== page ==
Nurse practitioners helping with access to care, health education
by Lynn Lofton
Published: December 15,2008
Nurse practitioners are playing an increasing role in access to healthcare in Mississippi. With their ranks growing, they want the public to understand what they do.
The organization’s official job description states that nurse practitioners are high-quality healthcare providers who practice in primary care, ambulatory, acute care, specialty care and long-term care. They are registered nurses with specialized advanced education and clinical competency to provide health and medical care for diverse populations in a variety of settings. A graduate degree is required for entry-level practice for this role that was created in 1965.
In Mississippi, nurse practitioners are licensed to diagnose and treat diseases, order lab tests and write prescriptions for non-controlled and controlled pharmaceuticals, according to Jackie Williams, director of advanced placement on the board of the Mississippi Nurses Association. She is also a nurse practitioner who works with a woman’s specialty clinic in Jackson.
“In many states, nurse practitioners work under different guidelines and can have autonomous practices, referring patients to physicians as needed. The need for access to healthcare has allowed that, and that access to care is what we’re interested in for Mississippi,” she said. “We’re not working to change the law in Mississippi at this time, but we are trying to educate the public about what we can do. We are trained to work on our own, but most people don’t know that.”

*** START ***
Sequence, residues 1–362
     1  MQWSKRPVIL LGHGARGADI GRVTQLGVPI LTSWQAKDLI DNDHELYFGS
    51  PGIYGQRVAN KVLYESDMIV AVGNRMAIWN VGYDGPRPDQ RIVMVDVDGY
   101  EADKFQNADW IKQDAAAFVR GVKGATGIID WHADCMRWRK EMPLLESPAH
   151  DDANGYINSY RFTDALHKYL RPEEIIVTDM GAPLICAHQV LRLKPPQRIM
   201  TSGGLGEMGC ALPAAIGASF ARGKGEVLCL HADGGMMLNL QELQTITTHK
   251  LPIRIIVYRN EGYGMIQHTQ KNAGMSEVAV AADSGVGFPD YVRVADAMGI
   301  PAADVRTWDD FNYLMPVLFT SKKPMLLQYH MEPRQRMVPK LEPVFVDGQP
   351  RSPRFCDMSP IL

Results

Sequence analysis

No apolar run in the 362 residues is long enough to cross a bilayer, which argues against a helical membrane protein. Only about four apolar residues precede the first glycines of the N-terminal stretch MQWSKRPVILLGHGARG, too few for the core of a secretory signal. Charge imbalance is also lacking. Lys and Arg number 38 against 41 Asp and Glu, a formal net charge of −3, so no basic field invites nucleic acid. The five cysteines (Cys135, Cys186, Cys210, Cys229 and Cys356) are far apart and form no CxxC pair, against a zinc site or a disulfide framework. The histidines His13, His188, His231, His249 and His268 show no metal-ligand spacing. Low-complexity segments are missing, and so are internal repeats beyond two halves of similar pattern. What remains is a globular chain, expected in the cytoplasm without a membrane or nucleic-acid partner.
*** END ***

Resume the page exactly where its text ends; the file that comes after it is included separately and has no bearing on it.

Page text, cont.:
Not finding a collaborating physician can be a big obstacle, causing a nurse practitioner to not open a clinic, close one or limit its hours.
“We work in rural areas where there are not enough physicians. In urban areas, we can spend more time with patients and we work in specialty areas,” Williams said. “I love my patients. I get to see them again and again and really get to know them.”
She says nurse practitioners have not lost the attention to education that is so helpful to patients.
These days, some nurse practitioners are specializing, such as K.C. Arnold of Ocean Springs. With a string of degrees after her name and experience as an Air Force nurse, she opened The Diabetes Center as an adult and acute care nurse practitioner after Hurricane Katrina blew away the clinic where she had worked.
“It was a time I was down on my knees wondering what to do,” she recalls. “The satellite clinic where I worked closed and my house was damaged. I was offered a job in Biloxi, but the bridge was out and I was in Ocean Springs.”
Arnold took a huge risk and went out on her own with several local physicians as collaborators. They knew of her work and expertise, especially in the area of diabetes and the education these patients need. One of these physicians is always available to confer as needed.
“I worked with diabetes patients in the Air Force. It’s my calling, and education is the best thing I bring to the practice,” she says. “It’s an area where a nurse practitioner can really help. I treat and manage diabetes. I believe in giving the total picture to patients.”
Arnold’s clinic started with one nurse and now has a staff of five, and she does her own billing. In 2007, she was named Nurse Practitioner of the Year for Mississippi and Nurse Practitioner Entrepreneur of the Year by a national professional magazine. She lectures nationally, too, on the role of nurse practitioners and diabetes education.
Most of her referrals come from patient-to-patient word of mouth. “When people have had exposure to nurse practitioners, they understand our role. It started at the grass roots level, and that’s where we’re filling the biggest role,” she says. “I would like to see better cooperation and collaboration with physicians for the treatment of patients. Let’s take care of these patients.”
Contact MBJ contributing writer Lynn Lofton at firstname.lastname@example.org.
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